(Photo: AP Images / The Press Democrat, Christopher Chung)
A Presbyterian Church (USA) minister who was censured by her denomination in 2010 for performing same-sex marriages in Calif. while it was legal to do so is appealing the decision.
Reverend Dr. Jane Adams Spahr will be bringing her appeal on Friday, Feb. 16 to The General Assembly Permanent Judicial Commission, the highest court in PC(USA).
According to the PC(USA) Constitution, W-4.9001, "Marriage is a civil contract between a woman and a man. For Christians marriage is a covenant through which a man and a woman are called to live out together before God their lives of discipleship."
C. Laurie Griffith, Manager of Judicial Process and Social Witness for the Office of the General Assembly for PC(USA), explained to The Christian Post the basis for Spahr's censure.
"The General Assembly and the General Assembly Permanent Judicial commission may both Authoritatively Interpret the PCUSA Constitution," said Griffith.
"The General Assembly does so through legislative process and the General Assembly Permanent Judicial Commission does so through particular cases. The most recent interpretation is binding."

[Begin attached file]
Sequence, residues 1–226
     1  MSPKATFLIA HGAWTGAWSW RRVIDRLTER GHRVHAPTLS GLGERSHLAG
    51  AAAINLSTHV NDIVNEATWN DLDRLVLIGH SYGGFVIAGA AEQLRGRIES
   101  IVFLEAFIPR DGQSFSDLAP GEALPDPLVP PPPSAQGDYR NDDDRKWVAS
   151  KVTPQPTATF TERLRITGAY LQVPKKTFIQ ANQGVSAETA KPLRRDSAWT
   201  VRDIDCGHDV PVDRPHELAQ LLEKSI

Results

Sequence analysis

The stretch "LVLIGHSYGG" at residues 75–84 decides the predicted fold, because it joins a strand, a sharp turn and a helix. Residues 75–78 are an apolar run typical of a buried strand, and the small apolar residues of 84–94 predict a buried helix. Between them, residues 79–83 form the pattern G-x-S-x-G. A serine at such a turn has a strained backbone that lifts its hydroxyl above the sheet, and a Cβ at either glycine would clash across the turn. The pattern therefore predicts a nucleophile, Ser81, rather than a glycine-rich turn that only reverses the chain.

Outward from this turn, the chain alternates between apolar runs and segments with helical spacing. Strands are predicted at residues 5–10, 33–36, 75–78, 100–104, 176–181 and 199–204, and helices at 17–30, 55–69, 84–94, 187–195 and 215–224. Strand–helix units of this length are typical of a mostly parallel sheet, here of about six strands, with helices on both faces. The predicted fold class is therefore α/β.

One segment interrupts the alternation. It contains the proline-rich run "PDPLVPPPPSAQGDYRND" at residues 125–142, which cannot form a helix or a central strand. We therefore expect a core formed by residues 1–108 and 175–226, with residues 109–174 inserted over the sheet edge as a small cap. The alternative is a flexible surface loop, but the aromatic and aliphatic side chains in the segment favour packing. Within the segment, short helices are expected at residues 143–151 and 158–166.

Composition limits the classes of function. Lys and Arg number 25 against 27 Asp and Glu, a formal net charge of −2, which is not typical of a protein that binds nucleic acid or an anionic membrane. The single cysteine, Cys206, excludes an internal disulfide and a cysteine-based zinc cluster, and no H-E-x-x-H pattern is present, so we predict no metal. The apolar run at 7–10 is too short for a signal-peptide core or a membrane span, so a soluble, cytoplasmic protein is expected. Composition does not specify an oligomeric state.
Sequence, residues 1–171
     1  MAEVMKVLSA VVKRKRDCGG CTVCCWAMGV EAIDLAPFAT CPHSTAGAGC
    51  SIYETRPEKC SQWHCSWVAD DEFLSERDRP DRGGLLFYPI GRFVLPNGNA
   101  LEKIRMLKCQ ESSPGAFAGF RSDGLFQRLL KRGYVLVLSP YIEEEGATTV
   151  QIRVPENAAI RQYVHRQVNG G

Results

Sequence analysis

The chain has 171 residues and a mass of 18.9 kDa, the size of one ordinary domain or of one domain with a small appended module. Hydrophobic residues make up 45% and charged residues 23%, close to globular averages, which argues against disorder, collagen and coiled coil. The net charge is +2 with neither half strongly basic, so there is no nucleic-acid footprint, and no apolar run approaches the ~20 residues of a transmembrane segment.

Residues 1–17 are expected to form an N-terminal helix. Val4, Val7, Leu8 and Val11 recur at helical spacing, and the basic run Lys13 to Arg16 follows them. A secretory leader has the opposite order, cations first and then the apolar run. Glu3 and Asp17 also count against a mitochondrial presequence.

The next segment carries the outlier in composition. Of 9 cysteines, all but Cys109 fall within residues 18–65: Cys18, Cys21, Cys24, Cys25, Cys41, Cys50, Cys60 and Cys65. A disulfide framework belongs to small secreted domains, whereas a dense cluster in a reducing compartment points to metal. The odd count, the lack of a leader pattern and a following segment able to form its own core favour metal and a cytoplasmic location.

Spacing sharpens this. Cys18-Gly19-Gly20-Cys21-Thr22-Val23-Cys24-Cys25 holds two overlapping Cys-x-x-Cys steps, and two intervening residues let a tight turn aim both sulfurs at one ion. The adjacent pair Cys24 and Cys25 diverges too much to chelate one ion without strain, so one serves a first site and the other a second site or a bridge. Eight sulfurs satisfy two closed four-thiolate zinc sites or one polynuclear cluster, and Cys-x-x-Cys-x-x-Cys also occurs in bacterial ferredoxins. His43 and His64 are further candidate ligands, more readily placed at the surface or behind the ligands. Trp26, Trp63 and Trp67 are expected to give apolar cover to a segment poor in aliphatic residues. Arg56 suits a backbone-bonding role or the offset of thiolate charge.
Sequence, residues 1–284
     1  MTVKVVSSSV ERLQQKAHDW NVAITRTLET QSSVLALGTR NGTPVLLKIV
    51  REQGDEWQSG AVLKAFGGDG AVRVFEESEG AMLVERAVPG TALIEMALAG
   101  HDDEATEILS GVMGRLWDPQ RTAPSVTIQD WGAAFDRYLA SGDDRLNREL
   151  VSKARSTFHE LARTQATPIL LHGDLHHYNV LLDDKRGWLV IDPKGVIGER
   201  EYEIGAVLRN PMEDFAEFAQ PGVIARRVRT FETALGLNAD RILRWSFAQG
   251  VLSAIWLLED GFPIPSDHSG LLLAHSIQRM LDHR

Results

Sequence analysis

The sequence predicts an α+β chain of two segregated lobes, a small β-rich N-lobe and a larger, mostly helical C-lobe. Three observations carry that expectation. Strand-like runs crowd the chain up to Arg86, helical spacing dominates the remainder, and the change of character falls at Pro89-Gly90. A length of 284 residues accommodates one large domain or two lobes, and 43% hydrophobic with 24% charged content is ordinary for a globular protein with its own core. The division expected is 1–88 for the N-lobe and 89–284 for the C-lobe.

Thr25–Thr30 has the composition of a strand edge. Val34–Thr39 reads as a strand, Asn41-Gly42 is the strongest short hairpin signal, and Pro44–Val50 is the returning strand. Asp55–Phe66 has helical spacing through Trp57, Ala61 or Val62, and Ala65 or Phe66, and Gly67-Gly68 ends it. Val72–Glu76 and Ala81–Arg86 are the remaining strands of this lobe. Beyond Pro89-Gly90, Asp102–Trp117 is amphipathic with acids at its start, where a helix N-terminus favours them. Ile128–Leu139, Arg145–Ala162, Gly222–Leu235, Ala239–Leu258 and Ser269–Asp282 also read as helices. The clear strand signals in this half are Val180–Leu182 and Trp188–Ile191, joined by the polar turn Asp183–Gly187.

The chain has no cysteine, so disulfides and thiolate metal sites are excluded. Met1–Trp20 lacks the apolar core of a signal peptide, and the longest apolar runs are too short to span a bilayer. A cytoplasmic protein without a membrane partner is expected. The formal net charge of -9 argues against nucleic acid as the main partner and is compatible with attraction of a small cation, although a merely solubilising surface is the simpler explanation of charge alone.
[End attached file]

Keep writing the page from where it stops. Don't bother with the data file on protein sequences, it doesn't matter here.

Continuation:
Several amendments to W-4.9001 have been proposed in the past to change the definition of marriage found in the PC(USA) Constitution. These have included broadening the words to include the term "two people" rather than "a man and a woman." None of these amendments, including one proposed in 2010, have been successful.
"The 2010 General Assembly declined to amend G-4.9001 one way or another," said Griffith, referencing the General Assembly that had voted to allow regional bodies within PC(USA) to approve non-celibate homosexuals for clergy and lay leader positions.
Known by some as the "Lesbian Evangelist", Spahr has had a history of supporting same-sex marriage while serving as a minister in San Francisco.
In 2004, San Francisco Mayor Gavin Newsom started issuing same-sex marriage licenses even though it was against the law in California for him to do so. During the time in which Newsom did this, Spahr oversaw two same-sex marriage ceremonies. She would be found guilty of misconduct by a regional judicial committee, whose decision would be overturned in 2006 by a judicial commission of the Redwoods Presbytery.
In 2008, Spahr officiated at the weddings of 16 same-sex couples during from June to November 2008, which was the period when same-sex marriage was legal in California. A four to two vote in the Redwoods Presbytery Judicial Commission in August of 2010 found her guilty of disobeying church law.
The Friday appeal hearing will be held at the Drury Plaza Hotel in San Antonio, Texas. The General Assembly Permanent Judicial Commission's decision is expected on Tuesday, Feb. 21.